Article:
Hopkins has compiled several books about holidays. among them the comprehensive compendium Days to Celebrate: A Full Year of Poetry, People, Holidays, History, Fascinating Facts, and More providing short bits of information about each day of the year. School Library Journal called the volume an "imaginative compilation -- a beautiful, useful, unique almanac."
The multi-talented Hopkins has also penned his own works, including autobiographies, classroom materials, poetry, picture books, and novels for young adults. Two of his novels, Mama and Mama and Her Boys, tell about a resourceful single mother and her two sons. In Mama, the reader is confronted with a chatty, shoplifting single mom. Narrated by Mama's older son, the story presents Mama going from job to job while the family barely keeps its head above water. Reviewing Mama, a contributor to Publishers Weekly called the work a "not-to-be-missed first novel." "You'll remember Mama," wrote Zena Sutherland in a Bulletin of the Center for Children's Books review, noting that the mother is "tough, cheerfully vulgar in her tastes," but "passionately dedicated to see that her two sons whose father has decamped have everything they need." Mama makes a curtain call in Mama and Her Boys, in which the boys are now worried that their mother might marry her boss, Mr. Jacobs; a better match, as far as they are concerned, is the school custodian, Mr. Carlisle. Reviewing the sequel Publishers Weekly concluded that Hopkins "packs the ensuing incidents with merriment and an understated lesson about different kinds of love and companionship."
Hopkins explores the alphabet through poems in Alphathoughts: Alphabet Poems. Each poem focuses on a subject that starts with a particular letter of the alphabet, and some feature alliteration or tongue-twisting phrases. Called "a clever and child-friendly book of pithy poetry" by Ilene Cooper of Booklist, Alphathoughts features poems in a variety of lengths, some of which a Kirkus Reviews contributor found "memorable and will likely show up in anthologies later."
Hopkins's original poetry has won high praise; a reviewer for Publishers Weekly noted that "Hopkins brings freshness and immediacy to his subjects" and "deftly depicts a sense of delight and wonder in everyday experience." Been to Yesterdays: Poems of Life is a gathering of poems that look at the psychology of Hopkins at age thirteen, when his parents separated. "This autobiographical cycle of poems is a rare gift, a careful exploration of one life that illumines the lives of all who read it," wrote Kathleen Whalin in School Library Journal.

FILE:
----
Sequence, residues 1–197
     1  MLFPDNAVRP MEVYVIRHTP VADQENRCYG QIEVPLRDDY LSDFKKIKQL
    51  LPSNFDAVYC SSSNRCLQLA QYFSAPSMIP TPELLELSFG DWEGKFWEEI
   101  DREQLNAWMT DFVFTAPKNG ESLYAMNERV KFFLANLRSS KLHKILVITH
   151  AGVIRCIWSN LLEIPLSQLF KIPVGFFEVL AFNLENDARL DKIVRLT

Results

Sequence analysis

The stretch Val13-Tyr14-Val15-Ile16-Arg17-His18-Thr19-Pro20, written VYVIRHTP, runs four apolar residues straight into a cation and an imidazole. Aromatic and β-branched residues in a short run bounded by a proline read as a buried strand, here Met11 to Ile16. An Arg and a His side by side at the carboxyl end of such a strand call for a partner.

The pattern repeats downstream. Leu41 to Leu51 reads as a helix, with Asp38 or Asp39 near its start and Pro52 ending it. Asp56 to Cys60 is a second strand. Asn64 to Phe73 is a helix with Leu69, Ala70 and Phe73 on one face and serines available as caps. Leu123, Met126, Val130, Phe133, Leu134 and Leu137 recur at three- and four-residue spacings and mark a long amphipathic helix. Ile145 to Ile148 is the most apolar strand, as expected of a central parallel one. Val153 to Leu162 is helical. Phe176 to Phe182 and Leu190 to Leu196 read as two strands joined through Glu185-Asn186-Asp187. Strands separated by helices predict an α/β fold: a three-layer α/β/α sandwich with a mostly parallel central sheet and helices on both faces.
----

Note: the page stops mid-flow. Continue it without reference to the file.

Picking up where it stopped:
"There isn't a day that goes by that I'm not reading poetry or working on a poem of my own." This simple work ethic has made him one of the most popular and best-known anthologists of poetry at work today. He has compiled more anthologies for children than anyone has in the history of children's literature. He has helped make poetry accessible to young readers in over a hundred volumes of his own writings and in his compilations. As a reviewer for Juvenile Miscellany concluded, "Hopkins' immersion in poetry, past and present, text and illustration, places him at the heart of children's literature."
- Public school teacher in Fair Lawn, NJ, 1960–66
- Bank Street College of Education, New York, NY, senior consultant, 1966–68
- Scholastic Magazines, Inc., New York, NY, curriculum and editorial specialist, 1968–74
- full-time writer, 1976–
- Lecturer on children's literature
- Host and consultant to children's television series Zebra Wings, Agency for Instructional Television, beginning 1976
- Consultant to school systems and publishers
- National trustee, National Center for Children's Illustrated Literature, beginning 1991
- Namesake and founder of Lee Bennett Hopkins Award for poetry, established in 1993, in cooperation with Pennsylvania Center for the Book, and Lee Bennett Hopkins Promising Poet Award, established in 1995, in cooperation with International Reading Association
- Florida Lifetime Achievement Award, 2010
- The National Council of Teachers of English Excellence in Poetry for Children Award, 2010.
- International Reading Association
- American Library Association
- National Council of Teachers of English
- member of board of directors, 1975–78
- chair of 1978 and 1991 Poetry Award committees
- member of Commission on Literature, 1983–85
- member of Children's Literature Assembly, 1985–88
- honorary board member of Children's Literature Council of Pennsylvania, 1990–)
- National Trustee for the National Center for Children's Illustrated Literature, Austin, TX.
- Outstanding Alumnus in the Arts - Kean University
- Honorary Doctorate of Laws - Kean University
- Phi Delta Kappa Educational Leadership Award
- IRA Broadcast Media Award for Radio
- Ambassador Extraordinary in the Order of the Long Leaf Pine - NC
- IRA Manhattan Council Literary Award
- National Children's Book Week Poet for "Good Books, Good Times!"
- Pennsylvania Author of the Year Award
- University of Southern Mississippi Medallion for "lifetime contributions to Children's Literature.
- National Council of Teachers of English Excellence in Poetry for Children Award
- Florida Lifetime Achievement Award
In addition, Hopkins' books received a host of honors including five ALA Notable Books.
- Creative Activities for Gifted Children, Fearon, 1968. (with Annette Frank Shapiro)
- Books Are by People, Citation Press, 1969.